History of Fashion – The 1930s
The depression: colours were dark, hats, hair styles and necklines downwards.
1930s Jean Harlow the first Blonde Bombshell of Hollywood
Backless bodices and floor length back sweeping skirts were a feature of evening dresses during the early thirties.
Adrienne Ames, 1930s – Low-backed, white evening dresses were used to show off a deep tan. Film star Adrienne Ames wears a classically draped back, which could possibly have been designed by Madeleine Vionnet or Alix Barton (later known as Madame Grès). Almost sci-fi style wide sleeves made the column dresses worn for evening look slimmer and longer.
Low-backed, sequinned gown in an ad for Listerine mouthwash. Woman’s Home Companion.
February 1936 Advertisement by Ladies Home Journal depicting the Low-Backed dress.
We have this pattern available at the following link:
Typical 1930s Beach Pyjamas, and this pattern is available, see link above
1930s Advertisement for fashionable and popular Women’s Pants
1930s Jaunty looking day suits in Flecked Tweeds or Checks worn with plain hats and shoes.
1930s women’s popular sportswear
Martha West, Fashion Sports Dress advertisement, 1937
A bowls match with participants wearing the latest fashion in beach pyjamas, England, 1935.
……..saw more women wearing pants.
The Beach Pyjamas, one of my all time favorite looks from the 1930s. They actually began appearing in the late 20s but with a slimmer profile. These pictures was taken in the 1930s when Beach Pyjamas were the height of fashion, bare backed, suntanned, chic, sexy and stylish.
Left: Striped Beach Pyjamas, England 1935. Center: 1930s. Right: Beach pajamas in Monte Carlo 1930s.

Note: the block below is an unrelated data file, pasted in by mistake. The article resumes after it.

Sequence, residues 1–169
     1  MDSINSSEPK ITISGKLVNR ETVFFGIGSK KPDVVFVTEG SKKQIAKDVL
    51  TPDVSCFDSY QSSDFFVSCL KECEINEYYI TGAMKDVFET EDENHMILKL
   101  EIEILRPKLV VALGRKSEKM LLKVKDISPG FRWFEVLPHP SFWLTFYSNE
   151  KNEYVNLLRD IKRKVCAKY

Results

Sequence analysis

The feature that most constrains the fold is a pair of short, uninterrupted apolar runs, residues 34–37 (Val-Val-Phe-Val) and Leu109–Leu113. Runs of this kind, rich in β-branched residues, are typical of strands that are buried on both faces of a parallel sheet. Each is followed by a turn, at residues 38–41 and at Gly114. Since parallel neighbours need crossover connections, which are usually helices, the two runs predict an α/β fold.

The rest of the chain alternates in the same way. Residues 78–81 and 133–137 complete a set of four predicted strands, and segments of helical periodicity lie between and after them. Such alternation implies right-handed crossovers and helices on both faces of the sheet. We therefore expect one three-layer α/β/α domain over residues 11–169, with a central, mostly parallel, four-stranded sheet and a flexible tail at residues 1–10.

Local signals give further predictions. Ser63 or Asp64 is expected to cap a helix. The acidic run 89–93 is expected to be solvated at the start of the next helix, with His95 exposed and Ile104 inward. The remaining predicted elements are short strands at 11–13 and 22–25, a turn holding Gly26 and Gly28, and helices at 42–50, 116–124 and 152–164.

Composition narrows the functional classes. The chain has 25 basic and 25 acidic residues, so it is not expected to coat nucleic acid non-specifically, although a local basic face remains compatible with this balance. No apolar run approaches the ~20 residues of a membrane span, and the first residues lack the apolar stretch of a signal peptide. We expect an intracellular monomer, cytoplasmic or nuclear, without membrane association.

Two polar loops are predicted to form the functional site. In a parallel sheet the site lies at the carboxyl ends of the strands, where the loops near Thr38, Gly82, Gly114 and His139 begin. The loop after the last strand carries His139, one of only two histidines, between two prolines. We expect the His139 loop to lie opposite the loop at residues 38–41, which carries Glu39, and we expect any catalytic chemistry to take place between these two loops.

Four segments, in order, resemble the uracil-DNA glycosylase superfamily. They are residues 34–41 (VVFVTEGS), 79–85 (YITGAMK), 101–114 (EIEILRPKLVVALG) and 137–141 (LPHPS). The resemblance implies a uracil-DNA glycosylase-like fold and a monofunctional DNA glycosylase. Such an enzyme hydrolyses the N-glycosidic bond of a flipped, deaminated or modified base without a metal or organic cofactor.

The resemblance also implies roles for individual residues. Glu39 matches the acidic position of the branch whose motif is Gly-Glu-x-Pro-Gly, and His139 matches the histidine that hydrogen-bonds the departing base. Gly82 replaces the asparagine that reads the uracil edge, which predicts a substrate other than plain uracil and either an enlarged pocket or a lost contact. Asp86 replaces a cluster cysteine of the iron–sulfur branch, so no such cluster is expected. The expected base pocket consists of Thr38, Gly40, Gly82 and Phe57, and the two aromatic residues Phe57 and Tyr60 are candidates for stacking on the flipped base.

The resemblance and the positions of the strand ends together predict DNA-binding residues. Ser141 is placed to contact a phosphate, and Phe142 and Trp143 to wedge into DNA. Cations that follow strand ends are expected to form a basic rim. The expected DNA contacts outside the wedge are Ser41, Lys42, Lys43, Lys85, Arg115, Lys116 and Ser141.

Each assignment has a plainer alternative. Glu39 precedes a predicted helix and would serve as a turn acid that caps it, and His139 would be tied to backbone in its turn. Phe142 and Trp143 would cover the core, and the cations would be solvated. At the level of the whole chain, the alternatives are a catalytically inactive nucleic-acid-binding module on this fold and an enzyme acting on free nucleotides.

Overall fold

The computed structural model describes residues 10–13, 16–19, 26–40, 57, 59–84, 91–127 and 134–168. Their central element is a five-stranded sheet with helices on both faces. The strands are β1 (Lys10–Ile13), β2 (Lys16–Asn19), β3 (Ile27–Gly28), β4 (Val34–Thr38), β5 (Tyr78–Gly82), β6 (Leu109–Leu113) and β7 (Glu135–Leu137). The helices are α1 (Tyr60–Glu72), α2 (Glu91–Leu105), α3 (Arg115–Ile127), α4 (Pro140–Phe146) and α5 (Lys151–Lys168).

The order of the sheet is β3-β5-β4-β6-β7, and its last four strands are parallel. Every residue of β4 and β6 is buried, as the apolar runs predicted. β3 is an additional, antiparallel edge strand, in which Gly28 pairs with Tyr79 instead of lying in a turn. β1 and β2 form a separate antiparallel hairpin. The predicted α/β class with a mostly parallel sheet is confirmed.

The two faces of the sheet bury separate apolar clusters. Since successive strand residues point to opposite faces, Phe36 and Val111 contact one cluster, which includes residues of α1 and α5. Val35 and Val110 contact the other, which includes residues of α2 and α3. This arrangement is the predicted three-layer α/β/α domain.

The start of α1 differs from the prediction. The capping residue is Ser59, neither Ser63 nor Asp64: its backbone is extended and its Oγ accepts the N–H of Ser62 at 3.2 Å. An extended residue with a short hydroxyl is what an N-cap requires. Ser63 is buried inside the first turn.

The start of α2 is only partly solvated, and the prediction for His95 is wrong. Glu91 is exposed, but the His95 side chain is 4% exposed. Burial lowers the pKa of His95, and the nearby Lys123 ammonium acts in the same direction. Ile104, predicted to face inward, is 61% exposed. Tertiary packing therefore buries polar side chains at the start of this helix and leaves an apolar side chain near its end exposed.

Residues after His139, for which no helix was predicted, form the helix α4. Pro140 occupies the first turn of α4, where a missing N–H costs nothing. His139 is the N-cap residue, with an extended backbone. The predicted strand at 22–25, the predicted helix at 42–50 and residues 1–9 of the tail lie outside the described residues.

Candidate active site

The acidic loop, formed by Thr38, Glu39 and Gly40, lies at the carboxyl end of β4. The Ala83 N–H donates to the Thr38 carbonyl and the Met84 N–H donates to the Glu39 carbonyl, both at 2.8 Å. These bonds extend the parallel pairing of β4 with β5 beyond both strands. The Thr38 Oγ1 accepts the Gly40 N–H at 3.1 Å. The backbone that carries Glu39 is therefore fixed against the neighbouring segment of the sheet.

A group of women wear wide palazzo pants and bikini tops as they wander along Margate promenade in 1930.
Great innovations in fashion were seen during the Depression despite the economic hardships of the time. The abbreviated, linear forms of the 1920s quickly gave way to sinuous shapes and longer hemlines. Waistlines returned to the natural position, while remaining relaxed in fit. Designers experimented with new cuts and new materials. Silk and satin fabric was sexy and sensational in the 1930s and very popular on bias cut dresses, a method created by Madeleine Vionnet and popularized by 1930s designers like Madame Gres. For evening, the bias cut gown was favored in silk velvet or silk satin. Synthetic fabrics such as rayon and nylon were in common use for everyday garments.
Within 10 years time silk and satin would literally be banned from use in clothing, since it was the necessary fabric to make parachutes for soldiers during World War II.
After 1935, zippers were employed as a more efficient alternative to labor-intensive hook-and-eye closures. Indeed, in the hands of prestigious houses such as Schiaparelli they became design elements.
Fashions at the Royal Ascot Races, Berkshire, 14 June 1932. Large floppy hats and long trailing dresses similar in length and shape to many evening dress styles.
King Edward VIII and Mrs Simpson 1936. The younger members the British Royal Family were often photographed in casual resort clothes.
Margaret, Duchess of Argyll, Royal Ascot, 1938.
A smart couple dressed in their ‘tennis whites’. Women’s day skirts were calf length but tennis dresses, like this one, were well above the knee.
Beauty and the beach 1930s.